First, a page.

Fuse again had a big presence near the entrance, bright pink with masseurs at the ready, a formula which clearly works for them given their continued growth and success. It was also good to see up and coming cloud LMS vendor Docebo growing their presence , and you couldn’t miss Growth Engineering, although if anyone at LEO ever makes me go on the stand in a superhero outfit I’ll say it right here that’ll be the day I hand my notice in! Poor sods, although in fairness they seemed to be enjoying themselves.
Twitter picture credit: @growthengineer
On the authoring front, Adobe’s stand was small and tucked away after a very big presence in previous years. Articulate had a big presence as you’d expect while contenders Gomo were looking extremely busy. Adapt joined the fray for the first time with a small stand on the edges, it was great to see open source authoring making its Learning Technologies exhibition debut, they have a lot of partners now and were on the hunt for more.
I won’t blab on about our own LTG/LEO stand, suffice to say it was a pleasure working on it! The marketing team did a superb job of the stand design which had some kiosks showing a few ‘serious games’ from both LEO and Preloaded teams, a VR/AR demo area which generated a lot of interest and kept the Preloaded team busy, an open area for general conversations and a semi-closed meeting space to get some peace and quiet for more in-depth conversations. It all certainly did the trick and we had some great conversations.
Welcome to new vendors
It feels like it’s been a stagnant few years at Learning Technologies previously so it was great to see lots of new companies attending for the first time and some interesting products being brought to market. Ones I will following up to look more closely at were the aforementioned Filtered with their adaptive learning system, TellUs who were doing a very nice line in interactive video authoring, Wootled! who had an interesting looking question and response system for live learning events and Wranx who had an impressive looking product for delivering ‘spaced practice’ learning.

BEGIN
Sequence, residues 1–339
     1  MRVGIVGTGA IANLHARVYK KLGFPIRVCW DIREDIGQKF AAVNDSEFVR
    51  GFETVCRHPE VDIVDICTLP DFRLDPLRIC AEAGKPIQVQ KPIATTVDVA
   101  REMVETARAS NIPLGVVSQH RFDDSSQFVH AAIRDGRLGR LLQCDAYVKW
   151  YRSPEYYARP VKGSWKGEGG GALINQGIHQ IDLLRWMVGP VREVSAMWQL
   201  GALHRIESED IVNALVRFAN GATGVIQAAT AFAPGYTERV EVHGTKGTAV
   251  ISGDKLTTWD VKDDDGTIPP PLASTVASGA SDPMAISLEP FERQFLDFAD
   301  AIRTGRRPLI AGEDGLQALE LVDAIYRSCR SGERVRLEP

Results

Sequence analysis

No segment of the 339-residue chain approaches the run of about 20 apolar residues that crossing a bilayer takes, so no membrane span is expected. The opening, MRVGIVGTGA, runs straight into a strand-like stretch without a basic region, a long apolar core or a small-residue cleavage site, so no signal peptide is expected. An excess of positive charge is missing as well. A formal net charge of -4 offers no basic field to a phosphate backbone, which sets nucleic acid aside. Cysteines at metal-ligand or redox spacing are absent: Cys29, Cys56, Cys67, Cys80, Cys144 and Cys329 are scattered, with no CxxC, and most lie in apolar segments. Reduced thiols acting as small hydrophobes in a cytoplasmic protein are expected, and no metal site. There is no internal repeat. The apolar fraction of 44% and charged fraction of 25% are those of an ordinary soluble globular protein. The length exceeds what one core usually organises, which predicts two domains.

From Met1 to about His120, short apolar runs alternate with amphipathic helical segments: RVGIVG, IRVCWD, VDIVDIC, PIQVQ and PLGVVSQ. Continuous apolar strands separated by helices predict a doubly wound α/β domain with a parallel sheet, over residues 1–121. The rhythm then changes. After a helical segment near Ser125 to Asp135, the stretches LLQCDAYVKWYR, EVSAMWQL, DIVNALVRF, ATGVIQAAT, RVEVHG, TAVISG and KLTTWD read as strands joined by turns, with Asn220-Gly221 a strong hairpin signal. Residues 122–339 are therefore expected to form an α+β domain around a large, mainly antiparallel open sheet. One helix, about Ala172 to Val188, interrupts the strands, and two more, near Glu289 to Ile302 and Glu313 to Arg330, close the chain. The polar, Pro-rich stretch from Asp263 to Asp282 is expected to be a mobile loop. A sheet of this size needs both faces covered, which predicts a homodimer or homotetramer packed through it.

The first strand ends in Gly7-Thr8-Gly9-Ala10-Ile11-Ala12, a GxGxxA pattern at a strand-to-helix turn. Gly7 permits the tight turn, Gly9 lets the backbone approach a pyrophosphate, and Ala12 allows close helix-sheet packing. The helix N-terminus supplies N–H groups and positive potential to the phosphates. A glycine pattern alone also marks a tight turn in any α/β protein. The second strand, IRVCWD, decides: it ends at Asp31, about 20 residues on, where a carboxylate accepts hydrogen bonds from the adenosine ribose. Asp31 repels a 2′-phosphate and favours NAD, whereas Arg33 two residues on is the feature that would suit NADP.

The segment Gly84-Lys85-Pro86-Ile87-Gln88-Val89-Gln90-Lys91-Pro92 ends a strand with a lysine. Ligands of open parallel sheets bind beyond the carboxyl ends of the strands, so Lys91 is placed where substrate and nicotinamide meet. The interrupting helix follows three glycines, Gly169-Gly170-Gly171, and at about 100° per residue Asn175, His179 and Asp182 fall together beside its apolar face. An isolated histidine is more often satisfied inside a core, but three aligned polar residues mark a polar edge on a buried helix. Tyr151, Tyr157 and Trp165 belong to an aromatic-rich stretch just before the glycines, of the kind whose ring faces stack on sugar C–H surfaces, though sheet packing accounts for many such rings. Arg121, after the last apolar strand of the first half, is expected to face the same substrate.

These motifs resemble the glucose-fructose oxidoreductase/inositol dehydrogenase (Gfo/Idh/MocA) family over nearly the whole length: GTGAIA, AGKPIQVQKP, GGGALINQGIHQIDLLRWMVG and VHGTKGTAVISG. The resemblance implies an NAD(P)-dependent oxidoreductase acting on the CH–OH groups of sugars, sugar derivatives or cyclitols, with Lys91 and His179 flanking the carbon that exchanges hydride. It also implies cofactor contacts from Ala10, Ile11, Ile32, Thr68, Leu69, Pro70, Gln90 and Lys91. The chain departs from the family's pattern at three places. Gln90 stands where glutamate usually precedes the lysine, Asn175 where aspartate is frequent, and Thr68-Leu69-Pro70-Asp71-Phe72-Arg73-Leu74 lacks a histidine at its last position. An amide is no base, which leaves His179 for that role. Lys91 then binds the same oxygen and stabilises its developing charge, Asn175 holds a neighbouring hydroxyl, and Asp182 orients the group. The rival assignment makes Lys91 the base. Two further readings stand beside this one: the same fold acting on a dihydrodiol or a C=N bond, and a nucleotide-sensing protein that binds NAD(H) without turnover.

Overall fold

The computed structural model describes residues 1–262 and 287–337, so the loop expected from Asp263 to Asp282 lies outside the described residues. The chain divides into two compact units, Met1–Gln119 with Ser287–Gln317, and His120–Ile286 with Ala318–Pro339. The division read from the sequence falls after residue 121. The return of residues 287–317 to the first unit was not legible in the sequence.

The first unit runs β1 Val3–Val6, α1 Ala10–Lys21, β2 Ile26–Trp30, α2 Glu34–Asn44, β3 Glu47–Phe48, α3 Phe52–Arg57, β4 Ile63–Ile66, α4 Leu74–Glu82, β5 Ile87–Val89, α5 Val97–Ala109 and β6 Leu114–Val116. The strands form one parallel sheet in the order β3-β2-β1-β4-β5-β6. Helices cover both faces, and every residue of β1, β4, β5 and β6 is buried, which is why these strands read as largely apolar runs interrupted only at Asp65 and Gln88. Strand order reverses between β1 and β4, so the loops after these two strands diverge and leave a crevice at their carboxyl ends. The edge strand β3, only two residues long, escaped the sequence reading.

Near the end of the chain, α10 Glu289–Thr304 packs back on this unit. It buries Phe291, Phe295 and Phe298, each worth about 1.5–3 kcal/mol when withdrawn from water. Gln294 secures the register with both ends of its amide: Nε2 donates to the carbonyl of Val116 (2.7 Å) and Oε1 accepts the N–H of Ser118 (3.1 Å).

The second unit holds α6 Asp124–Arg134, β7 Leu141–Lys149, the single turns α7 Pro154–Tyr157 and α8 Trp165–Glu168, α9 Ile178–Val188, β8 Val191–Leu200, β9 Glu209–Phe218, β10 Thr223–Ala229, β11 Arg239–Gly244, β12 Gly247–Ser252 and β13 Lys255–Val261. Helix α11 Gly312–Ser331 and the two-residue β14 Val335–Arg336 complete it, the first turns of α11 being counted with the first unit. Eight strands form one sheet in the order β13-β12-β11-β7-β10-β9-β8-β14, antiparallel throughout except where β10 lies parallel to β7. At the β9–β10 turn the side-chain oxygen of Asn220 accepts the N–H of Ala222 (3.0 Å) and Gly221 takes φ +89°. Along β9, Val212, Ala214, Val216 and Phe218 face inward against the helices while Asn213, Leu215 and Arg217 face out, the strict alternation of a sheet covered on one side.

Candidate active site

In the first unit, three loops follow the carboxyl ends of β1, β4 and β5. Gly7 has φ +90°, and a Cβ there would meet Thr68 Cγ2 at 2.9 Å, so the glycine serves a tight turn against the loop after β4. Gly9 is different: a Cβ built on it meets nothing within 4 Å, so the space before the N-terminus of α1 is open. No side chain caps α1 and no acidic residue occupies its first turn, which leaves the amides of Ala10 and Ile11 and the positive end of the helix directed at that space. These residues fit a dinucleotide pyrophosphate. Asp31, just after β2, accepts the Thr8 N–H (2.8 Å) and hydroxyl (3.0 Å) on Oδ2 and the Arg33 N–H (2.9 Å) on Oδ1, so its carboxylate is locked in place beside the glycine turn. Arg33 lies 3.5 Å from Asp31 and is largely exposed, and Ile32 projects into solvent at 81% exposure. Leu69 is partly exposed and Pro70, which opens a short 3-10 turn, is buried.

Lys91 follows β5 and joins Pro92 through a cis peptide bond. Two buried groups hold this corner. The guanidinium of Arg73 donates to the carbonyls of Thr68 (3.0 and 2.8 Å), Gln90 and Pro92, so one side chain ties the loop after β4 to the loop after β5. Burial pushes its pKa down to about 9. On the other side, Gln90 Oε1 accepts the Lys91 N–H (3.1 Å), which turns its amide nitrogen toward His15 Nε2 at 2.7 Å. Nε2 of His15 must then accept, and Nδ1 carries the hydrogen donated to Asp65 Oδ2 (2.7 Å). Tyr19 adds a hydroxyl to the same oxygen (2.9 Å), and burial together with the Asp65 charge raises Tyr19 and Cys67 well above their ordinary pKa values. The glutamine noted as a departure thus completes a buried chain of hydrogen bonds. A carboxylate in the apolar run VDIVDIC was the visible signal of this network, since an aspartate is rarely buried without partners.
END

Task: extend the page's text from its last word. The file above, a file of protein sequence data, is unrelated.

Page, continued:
Events outside the conference centre
It was also interesting to also note who was NOT there at the exhibition but were there in other ways. Brightwave had no stand but did have people there in quantity, investing instead in a report launch at a breakfast event on day 2. Lumesse also did not exhibit but instead had a whole other venue booked for their all-day Learning Lounge with an excellent line up of speakers including a bunch of my current and ex-colleagues including old Epic pal Sam Watts who has reinvented himself as VR Guru, Donald Clark who kickstarted my career by giving me my first permanent job at Epic, another old Epic pal John Helmer as compere looking very dapper in his three piece suit and current LTG colleague Mike Rustici also on the speaker list. If I wasn’t on the LEO stand I’d have definitely been trying to blag a ticket! Plus there were two barcamp events organised by LearnPatch at the local pub on the evening of Day 1 which sounded well attended and engaging. It’s nice to see the conference and exhibition expanding out of its formal space, which is pretty normal at other major events, so maybe we will see more of this in future.
All in all, it was great to see what’s going on across the industry, meet old friends, make new ones and spend a few days with our colleagues from across the business and the world. But ultimately it’s a sales event, and it was completely bloody knackering – my feet and voice were all but dead by the end of the two days. I guess the hard work really starts now though, as we turn all those leads into solid work 🙂